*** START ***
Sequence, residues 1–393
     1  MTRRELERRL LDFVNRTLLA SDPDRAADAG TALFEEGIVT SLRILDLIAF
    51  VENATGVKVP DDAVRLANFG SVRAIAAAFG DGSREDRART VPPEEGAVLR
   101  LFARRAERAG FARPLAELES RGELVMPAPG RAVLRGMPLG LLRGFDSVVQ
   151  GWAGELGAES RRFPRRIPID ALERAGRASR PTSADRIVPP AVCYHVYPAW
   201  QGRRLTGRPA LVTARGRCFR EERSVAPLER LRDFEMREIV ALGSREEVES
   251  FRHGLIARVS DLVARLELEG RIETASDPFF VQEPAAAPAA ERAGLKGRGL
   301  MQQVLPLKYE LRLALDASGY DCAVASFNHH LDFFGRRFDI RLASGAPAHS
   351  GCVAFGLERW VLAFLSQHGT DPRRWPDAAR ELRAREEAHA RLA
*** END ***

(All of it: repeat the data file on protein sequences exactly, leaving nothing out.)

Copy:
Sequence, residues 1–393
     1  MTRRELERRL LDFVNRTLLA SDPDRAADAG TALFEEGIVT SLRILDLIAF
    51  VENATGVKVP DDAVRLANFG SVRAIAAAFG DGSREDRART VPPEEGAVLR
   101  LFARRAERAG FARPLAELES RGELVMPAPG RAVLRGMPLG LLRGFDSVVQ
   151  GWAGELGAES RRFPRRIPID ALERAGRASR PTSADRIVPP AVCYHVYPAW
   201  QGRRLTGRPA LVTARGRCFR EERSVAPLER LRDFEMREIV ALGSREEVES
   251  FRHGLIARVS DLVARLELEG RIETASDPFF VQEPAAAPAA ERAGLKGRGL
   301  MQQVLPLKYE LRLALDASGY DCAVASFNHH LDFFGRRFDI RLASGAPAHS
   351  GCVAFGLERW VLAFLSQHGT DPRRWPDAAR ELRAREEAHA RLA